2015 Expedition: Shark Research

Aquarium researchers and staff are on expedition to the remote Phoenix Islands Protected Area (PIPA) to study the natural history of the islands, surrounding reefs and connecting open water ecosystems. Research on the 2015 expedition will directly inform the management and maintenance of this world-renowned MPA. Today's post comes from Aquarium veterinarian Julie Cavin.

Most of the scientists on this trip are full time researchers. For me, it is a little different. As an associate veterinarian at the New England Aquarium, I am a clinician. My primary interest is in offering the best care possible for the animals in the Aquarium's collection. This is done both by my daily work, and by taking advantages of opportunities such as this.

Julie Cavin processing samples on an armored zodiac in the Phoenix Islands (Photo: Craig Cook)

When people go to the doctor for their routine physicals or when they are not feeling well, the physician immediately knows whether any of their hematological parameters (blood values) are abnormal. This is because they have access to reference ranges for healthy people of all ages, genders and backgrounds. When a fish comes to my hospital for either a routine physical or because of an illness, there are often now reference ranges with which to compare the data that I or my colleagues collect. Some examples of these are the white blood cell count which can indicate a possible infection, red blood cell count which tells us if an animal has anemia, or potassium level which give information of health on a cellular level. Many aquariums and zoos throughout the world house elasmobranchs of various species; however, there is very little published data for healthy sharks and rays.

Above and below, Julie Cavin collects blood samples from sharks in the
Phoenix Islands Protected Area (Photos by Craig Cook)

My objective on this trip is to collect blood from blacktip reef sharks and grey reef sharks that are being caught for other projects by Camrin Braun and his team from WHOI.

Julie Cavin and Camrin Braun processing shark blood samples
(Photo: Sangeeta Mangubhai)

I have been analyzing the blood from these presumed healthy animals to create reference ranges for complete blood counts (CBCs – white and red cell numbers), biochemistries (organ enzymes, electrolytes, etc), and blood gases (pH, pCO2, etc. — indicators of acute or chronic physiological stress). This will give me and my colleagues a comparison when examining either healthy or sick individuals in our care.

After visiting 7 of the 8 islands, the “shark team” has caught nearly 200 sharks  and collected a selection of morphometrics, blood, fin clips, and muscle biopsies for the multiple projects at NEAQ and WHOI. The blood gases analysis is done immediately after collection using a field analyzer, which can be quite tricky on an approximately 10ft, rocking, inflatable zodiac or during a rain storm.  In general, the data are showing us that the sharks are minimally affected by the capture and data collection procedures. The remainder of the samples are brought to the “laboratory” on the Hanse Explorer for processing. Blood smears are made for determining the percentages of different white cell types as well as the total white blood cell count. Since fish (as well as birds and reptiles) have nucleated red blood cells, this must be done manually rather than automatically by machine. The blood is centrifuged and the plasma frozen for future examination of genetics and biochemical parameters (e.g., glucose, sodium, potassium); and the muscle samples are freeze dried for food web analysis (http://pipa.neaq.org/2015/09/2015-expedition-working-with-sharks.html). The hematocrit level, which gives the red blood cell volume and determines potential anemia, has shown some interesting trends so far. Many females seem to have slightly higher values than the males. The exceptions are the suspected pregnant females, which have had a noticeably lower level. Further statistics are needed to determine the significance of any of the interesting trends seen in the preliminary data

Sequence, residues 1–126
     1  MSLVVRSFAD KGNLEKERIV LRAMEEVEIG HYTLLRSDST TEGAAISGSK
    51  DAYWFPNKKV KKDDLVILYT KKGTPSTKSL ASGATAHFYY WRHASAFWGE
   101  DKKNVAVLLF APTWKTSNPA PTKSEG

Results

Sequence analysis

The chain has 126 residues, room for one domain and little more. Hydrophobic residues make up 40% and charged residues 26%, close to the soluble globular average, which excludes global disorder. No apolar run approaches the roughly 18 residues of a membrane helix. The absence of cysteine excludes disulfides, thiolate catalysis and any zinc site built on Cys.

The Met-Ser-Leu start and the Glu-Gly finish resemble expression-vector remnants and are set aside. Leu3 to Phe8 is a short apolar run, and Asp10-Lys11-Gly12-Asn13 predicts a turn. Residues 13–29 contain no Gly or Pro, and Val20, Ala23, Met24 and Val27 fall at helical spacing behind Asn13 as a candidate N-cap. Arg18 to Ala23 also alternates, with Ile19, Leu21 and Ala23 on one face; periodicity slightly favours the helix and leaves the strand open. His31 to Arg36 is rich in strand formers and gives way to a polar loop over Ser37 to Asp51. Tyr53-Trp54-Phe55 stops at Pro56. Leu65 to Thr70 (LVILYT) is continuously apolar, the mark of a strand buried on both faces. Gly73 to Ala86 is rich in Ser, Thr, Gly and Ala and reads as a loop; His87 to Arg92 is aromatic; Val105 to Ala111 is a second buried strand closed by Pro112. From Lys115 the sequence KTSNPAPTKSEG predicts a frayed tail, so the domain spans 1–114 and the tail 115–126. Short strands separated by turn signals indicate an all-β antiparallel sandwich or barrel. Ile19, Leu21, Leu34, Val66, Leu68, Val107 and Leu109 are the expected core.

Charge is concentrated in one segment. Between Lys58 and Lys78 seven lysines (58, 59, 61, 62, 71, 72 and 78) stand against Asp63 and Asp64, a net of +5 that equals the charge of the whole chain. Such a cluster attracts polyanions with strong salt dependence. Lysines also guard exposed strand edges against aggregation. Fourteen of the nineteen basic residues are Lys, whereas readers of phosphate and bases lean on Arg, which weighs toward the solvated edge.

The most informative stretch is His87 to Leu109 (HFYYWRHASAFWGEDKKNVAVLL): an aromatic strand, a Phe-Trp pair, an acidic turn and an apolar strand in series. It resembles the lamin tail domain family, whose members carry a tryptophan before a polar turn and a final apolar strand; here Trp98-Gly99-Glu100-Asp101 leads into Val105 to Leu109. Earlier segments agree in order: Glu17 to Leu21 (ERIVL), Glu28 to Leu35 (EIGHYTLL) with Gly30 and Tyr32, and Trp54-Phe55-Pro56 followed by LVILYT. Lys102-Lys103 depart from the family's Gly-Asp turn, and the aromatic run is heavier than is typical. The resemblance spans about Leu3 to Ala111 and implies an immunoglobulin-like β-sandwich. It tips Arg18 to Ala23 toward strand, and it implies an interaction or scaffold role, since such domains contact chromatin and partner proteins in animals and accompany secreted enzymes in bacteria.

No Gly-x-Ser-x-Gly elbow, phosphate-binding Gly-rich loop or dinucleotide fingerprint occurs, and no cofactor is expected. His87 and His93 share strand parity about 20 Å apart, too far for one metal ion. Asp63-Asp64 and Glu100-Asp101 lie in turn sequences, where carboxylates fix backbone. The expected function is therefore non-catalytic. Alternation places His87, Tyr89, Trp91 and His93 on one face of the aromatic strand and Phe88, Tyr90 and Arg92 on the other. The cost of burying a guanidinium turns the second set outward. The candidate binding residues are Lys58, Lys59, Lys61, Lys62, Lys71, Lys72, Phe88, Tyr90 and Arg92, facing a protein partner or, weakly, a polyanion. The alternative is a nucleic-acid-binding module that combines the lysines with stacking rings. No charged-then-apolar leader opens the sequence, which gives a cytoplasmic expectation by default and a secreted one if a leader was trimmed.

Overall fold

— Julie

Julie Cavin, DVM, is the Associate Veterinarian at the New England Aquarium in Boston, Massachusetts. She is responsible for the health and well being of all animals in the collection as well as rehabilitating sea turtles. She also supervises multiple veterinary externs each academic year. Prior to her current position, Dr. Cavin earned a bachelor’s degree and a Certificate in Living Marine Resource Ecology at Florida State University and a veterinary degree from North Carolina State University. She completed a two year internship at the Georgia Aquarium and a two year Fellowship at the New England Aquarium. Her research interests include improved anesthetic techniques for elasmobranchs, improving nutrition for aquarium animals of all taxa and increasing the available “normal” hematologic parameters for all aquatic animals.

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